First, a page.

The answers I got were interesting. One that most interested me was that I learnt that South Africa is integrating indigenous medicine into the offerings of the health service. I can’t find a good reference for this, but I did learn that part of it is to also prevent illegal and harmful medications being sold. The others focused on seeing is as part of the context of health and wellness, part of the overall picture of what it means to be in good health. And as yet, I do not hear any conversation about integrating these types of practices into Health ICTs. And it’s not just the practices themselves, it’s the people, organizations, and institutions that indigenous medicine has that also need to be integrated in to be holistic and representative.

I can’t help thinking that this will be an area which presses very hard on the definition of health. And it may challenge us to design systems that we don’t entirely agree with because that’s what the end-user wants. And of course it’ll counter generalisable solutions. Health is cultural and local, and indigenous medical systems and all that they imply highlight this property of health.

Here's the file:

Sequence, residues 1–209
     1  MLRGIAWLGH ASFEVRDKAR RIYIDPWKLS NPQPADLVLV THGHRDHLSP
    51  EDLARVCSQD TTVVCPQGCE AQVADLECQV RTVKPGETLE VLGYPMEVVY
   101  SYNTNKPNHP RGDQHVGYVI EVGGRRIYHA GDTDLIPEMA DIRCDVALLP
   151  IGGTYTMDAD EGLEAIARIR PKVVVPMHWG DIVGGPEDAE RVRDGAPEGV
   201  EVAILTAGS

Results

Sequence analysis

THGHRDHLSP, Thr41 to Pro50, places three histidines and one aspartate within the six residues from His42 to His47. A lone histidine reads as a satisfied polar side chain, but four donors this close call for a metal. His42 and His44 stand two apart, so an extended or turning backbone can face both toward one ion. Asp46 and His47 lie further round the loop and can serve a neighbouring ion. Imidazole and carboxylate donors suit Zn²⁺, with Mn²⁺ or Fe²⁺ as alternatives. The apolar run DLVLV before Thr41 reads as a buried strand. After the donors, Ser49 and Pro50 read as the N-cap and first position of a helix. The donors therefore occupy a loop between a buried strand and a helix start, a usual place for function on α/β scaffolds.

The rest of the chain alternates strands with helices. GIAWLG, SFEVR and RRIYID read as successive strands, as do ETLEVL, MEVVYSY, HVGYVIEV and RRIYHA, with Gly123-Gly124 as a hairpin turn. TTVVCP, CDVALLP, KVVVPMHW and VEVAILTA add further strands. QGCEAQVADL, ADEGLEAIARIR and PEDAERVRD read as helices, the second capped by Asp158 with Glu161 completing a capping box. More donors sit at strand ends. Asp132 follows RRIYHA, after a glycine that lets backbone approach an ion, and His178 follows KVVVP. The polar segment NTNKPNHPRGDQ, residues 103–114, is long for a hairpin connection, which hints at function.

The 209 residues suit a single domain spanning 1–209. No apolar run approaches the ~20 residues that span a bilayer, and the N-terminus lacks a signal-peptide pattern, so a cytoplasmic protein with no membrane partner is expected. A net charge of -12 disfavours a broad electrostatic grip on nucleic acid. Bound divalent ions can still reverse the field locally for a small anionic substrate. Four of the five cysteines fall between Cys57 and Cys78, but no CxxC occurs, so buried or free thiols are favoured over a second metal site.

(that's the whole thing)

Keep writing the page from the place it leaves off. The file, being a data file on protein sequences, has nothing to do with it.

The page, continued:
1. I agree – it’s depressing how frequently the assumptions of Western medicine seem to be carried along for the ride unthinkingly with Western technologies. I’ve spent some time looking at a variety of non-Western medical approaches, including pushing some friends who are active practitioners of such to apply for grant funding from Nokia (& others), but it’s been a bit of an uphill battle.